I am OK.
Friends, family and colleagues ask me how I am. They ask me how my back is. At the moment my answer is “OK”.
This always feels a little bit like I am fobbing them off, or not wanting to talk, or a bit flippant in the face of a genuine question. But here’s the thing. It is not flippant, or fobbing off, or hiding behind a vague answer.
I do not feel amazing. I do not feel ready to jump and run and lift my 4yo onto a zip slide. I am still in pain, often.
I do not feel crap. I am not bedbound. I am not wincing or crying when I move. I can walk for an hour or two at a time instead of 2 minutes. I have halved my medication. I can put my children to bed by myself if I need to, and we don’t need people staying to help out anymore.
Sometimes “OK” is exactly how I feel.
It’s been a while. Turns out it’s quite easy to let a blog lapse once you get out of the routine. But here I am again, with my fingers on the keyboard and things to say.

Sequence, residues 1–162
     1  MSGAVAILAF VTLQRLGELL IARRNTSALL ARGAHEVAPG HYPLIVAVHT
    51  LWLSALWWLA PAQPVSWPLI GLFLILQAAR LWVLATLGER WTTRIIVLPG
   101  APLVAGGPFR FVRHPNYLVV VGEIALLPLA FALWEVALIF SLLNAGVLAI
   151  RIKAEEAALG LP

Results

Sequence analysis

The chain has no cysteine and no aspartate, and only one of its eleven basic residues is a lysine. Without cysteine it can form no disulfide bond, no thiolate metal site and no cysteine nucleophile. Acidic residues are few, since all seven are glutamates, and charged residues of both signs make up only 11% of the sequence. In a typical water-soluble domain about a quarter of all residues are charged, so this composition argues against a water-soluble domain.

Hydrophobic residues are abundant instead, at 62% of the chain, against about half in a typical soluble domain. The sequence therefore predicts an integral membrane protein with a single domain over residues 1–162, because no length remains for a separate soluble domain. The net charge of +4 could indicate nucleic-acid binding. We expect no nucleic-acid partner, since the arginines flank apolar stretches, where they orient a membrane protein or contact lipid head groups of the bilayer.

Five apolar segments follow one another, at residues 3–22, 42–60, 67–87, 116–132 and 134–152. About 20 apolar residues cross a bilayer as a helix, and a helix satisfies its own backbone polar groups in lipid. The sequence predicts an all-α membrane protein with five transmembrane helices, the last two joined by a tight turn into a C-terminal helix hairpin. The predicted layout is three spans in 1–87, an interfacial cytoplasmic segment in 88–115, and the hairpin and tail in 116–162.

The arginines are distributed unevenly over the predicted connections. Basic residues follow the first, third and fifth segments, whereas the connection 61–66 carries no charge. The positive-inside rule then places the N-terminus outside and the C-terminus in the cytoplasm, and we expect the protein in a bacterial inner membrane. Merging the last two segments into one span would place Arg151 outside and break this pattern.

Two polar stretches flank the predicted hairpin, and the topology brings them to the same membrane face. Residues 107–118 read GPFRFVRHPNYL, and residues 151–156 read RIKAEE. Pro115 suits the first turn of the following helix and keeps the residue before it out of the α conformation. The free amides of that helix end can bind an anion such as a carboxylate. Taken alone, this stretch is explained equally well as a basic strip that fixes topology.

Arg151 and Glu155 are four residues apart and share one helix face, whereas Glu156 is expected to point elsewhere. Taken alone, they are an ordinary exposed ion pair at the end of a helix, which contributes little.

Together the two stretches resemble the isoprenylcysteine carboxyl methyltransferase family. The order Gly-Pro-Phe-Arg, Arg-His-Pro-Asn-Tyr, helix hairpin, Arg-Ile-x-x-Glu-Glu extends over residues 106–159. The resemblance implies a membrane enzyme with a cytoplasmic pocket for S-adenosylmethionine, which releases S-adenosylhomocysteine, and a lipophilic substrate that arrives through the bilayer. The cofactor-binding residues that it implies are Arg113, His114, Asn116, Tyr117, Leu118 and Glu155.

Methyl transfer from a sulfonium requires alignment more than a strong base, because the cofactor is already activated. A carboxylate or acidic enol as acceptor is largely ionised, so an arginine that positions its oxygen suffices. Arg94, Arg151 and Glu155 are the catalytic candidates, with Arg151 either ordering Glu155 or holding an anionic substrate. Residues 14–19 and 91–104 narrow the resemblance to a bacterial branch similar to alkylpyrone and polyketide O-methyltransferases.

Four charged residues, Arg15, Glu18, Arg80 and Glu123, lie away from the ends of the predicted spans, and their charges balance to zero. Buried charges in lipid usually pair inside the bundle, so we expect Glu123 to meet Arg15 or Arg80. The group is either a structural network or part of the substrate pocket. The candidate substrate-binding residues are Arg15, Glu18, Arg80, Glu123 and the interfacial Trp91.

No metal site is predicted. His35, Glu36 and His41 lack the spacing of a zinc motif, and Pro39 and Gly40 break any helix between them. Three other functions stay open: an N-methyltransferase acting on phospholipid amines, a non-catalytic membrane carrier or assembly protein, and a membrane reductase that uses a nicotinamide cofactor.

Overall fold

I am doing well. The surgeon who operated on me has discharged me and I don’t need to see him again. I have been assessed by a doctor, a physio and a psychologist to check that I am right for the pain management clinic, which will take place in June.
When I saw the surgeon and then the doctor, the meetings were brief. They both smiled at me and told me I was doing really well and that was pretty much it. In part this can be very reassuring. However, it has struck me how infrequently you get to see anyone who is a specialist in your area of pain, and therefore, how infrequently you get to ask anyone who knows stuff any questions.
I have taken to writing down questions I would like to have answered, so that when I have an appointment with a doctor I don’t leave and then kick myself afterwards (not a good feeling).
When I have asked questions, both the surgeon and the doctor took their time to answer, answered thoroughly and made sure I understood the answer. This led me to thinking – how can I ask what I don’t know about?
The speed of being discharged can be very unsettling. I have stood in the waiting rooms, realised my appointment is over and walked away feeling distinctly unsettled and unsatisfied.